Prerequisites: Graduate standing. Permission of instructor required. (1-3). May not be repeated for credit.

Credits: (1-3).

Course Homepage: No homepage submitted.

No Description Provided. Contact the Department.

Check Times, Location, and Availability Cost: No Data Given. Waitlist Code: 5, Permission of Instructor

AMCULT 899. Special Research.

Instructor(s):

Prerequisites: Graduate standing. Permission of instructor required. (1-6). (INDEPENDENT). May not be repeated for credit.

Credits: (1-6).

Course Homepage: No homepage submitted.

No Description Provided. Contact the Department.

Check Times, Location, and Availability Cost: No Data Given. Waitlist Code: No Data Given.

AMCULT 990. Dissertation/Precandidate.

Instructor(s):

Prerequisites: Graduate Standing. Election for dissertation work by doctoral student not yet admitted as a Candidate. (1-8). (INDEPENDENT). May be repeated for credit.

Credits: (1-8; 1-4 in the half-term).

Course Homepage: No homepage submitted.

Election for dissertation work by doctoral student not yet admitted as a Candidate.

Check Times, Location, and Availability Cost: No Data Given. Waitlist Code: 5, Permission of department required.

AMCULT 993. Graduate Student Instructor Training Program.

AMERICAN CULTURE GSI ONLY.

Instructor(s): Catherine Elizabeth Daligga

Prerequisites: GSI award. Graduate Standing. (1-3). May not be repeated for credit.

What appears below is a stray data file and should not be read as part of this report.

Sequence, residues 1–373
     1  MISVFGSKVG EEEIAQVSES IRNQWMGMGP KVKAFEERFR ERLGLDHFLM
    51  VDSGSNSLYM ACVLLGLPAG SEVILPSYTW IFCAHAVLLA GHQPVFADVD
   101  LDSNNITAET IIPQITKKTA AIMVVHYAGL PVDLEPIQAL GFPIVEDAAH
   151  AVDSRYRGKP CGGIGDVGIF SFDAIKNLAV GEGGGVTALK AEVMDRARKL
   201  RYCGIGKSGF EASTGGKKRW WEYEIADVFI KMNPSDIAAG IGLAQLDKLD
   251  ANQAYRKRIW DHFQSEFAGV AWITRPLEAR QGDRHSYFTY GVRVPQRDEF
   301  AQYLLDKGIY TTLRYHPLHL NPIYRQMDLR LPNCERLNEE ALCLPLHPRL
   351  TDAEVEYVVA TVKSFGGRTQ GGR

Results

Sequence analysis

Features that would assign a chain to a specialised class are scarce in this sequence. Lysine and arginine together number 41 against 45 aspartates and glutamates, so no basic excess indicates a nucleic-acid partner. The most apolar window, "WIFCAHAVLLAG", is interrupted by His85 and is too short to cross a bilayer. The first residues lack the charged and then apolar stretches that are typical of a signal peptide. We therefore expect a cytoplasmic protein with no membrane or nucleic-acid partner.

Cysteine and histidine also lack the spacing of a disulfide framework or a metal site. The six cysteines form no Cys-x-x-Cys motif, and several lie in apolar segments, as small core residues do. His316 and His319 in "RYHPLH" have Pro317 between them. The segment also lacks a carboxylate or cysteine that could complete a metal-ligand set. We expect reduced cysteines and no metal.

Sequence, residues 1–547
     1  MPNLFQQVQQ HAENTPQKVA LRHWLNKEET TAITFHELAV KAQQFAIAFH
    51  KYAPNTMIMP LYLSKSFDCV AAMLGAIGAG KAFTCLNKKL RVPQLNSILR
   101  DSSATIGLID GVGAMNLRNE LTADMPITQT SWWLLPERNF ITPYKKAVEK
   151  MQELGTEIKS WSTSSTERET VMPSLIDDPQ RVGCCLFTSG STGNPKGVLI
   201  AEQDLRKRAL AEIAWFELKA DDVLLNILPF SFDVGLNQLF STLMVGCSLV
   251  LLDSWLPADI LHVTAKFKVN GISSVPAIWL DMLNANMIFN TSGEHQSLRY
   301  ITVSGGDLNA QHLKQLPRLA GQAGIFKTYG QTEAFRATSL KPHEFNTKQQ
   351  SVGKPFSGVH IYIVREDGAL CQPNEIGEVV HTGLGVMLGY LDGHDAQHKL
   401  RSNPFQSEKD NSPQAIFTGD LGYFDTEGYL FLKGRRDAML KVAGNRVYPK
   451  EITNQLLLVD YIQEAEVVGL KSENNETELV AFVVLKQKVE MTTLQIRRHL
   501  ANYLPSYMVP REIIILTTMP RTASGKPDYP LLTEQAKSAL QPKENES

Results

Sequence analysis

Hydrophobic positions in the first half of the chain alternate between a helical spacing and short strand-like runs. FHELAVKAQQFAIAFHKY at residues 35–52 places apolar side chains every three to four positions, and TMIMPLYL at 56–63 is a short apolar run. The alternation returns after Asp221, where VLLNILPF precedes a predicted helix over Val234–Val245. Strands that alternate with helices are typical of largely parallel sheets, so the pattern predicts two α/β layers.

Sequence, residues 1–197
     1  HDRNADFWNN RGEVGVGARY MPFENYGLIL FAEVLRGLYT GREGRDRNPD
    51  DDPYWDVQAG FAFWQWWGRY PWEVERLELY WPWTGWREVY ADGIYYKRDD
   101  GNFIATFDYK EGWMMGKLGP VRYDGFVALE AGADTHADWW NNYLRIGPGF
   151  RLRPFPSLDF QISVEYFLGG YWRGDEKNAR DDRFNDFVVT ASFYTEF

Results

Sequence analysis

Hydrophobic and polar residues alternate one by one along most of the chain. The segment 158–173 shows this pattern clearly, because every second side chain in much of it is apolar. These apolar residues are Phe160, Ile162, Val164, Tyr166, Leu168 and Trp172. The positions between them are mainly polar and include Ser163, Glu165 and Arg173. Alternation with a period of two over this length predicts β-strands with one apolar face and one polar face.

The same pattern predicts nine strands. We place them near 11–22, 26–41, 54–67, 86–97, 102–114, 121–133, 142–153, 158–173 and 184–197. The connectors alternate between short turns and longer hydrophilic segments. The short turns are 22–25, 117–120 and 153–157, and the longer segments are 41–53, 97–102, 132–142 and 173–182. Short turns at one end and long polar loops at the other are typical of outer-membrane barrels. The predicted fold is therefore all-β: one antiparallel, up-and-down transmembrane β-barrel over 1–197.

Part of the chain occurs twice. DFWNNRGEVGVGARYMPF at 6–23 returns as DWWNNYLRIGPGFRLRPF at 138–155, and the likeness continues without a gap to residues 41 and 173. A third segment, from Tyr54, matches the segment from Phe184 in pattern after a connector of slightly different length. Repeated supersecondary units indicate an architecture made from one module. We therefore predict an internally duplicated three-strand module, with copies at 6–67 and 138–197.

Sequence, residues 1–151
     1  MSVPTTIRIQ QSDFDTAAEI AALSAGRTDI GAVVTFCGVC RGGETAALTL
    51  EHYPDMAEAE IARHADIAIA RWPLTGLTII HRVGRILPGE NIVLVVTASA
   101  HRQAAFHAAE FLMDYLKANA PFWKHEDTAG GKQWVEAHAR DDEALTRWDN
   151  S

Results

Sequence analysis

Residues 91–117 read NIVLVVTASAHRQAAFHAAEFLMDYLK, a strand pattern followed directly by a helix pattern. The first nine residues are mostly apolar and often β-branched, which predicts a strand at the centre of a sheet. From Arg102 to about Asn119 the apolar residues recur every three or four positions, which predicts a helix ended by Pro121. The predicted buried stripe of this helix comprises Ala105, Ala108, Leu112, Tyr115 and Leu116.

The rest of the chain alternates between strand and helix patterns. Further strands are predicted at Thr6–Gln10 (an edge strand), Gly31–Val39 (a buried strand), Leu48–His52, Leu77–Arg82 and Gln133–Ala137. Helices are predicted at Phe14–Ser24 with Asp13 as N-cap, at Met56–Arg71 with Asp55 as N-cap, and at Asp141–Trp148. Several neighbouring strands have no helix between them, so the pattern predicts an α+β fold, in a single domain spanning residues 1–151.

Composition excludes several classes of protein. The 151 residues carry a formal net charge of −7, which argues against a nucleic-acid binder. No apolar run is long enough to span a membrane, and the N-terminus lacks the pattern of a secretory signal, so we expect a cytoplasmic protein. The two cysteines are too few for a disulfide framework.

Credits: (1-3).

Course Homepage: No homepage submitted.

A seminar for all beginning graduate student instructors, consisting of a two day orientation before the term starts and periodic workshops/meetings during the Fall Term. Beginning graduate student instructors are required to register for this course.

Check Times, Location, and Availability Cost: No Data Given. Waitlist Code: 5, Permission of Instructor

AMCULT 995. Dissertation/Candidate.

Instructor(s):

Prerequisites: Graduate Standing. Graduate School authorization for admission as a doctoral Candidate. (8). (INDEPENDENT). May be repeated for credit.

Credits: (8; 4 in the half-term).

Course Homepage: No homepage submitted.

Graduate School authorization for admission as a doctoral Candidate. N.B. The defense of the dissertation (the final oral examination) must be held under a full term Candidacy enrollment period.

Check Times, Location, and Availability Cost: No Data Given. Waitlist Code: 5, Permission of department required.


Undergraduate Course Listings for AMCULT.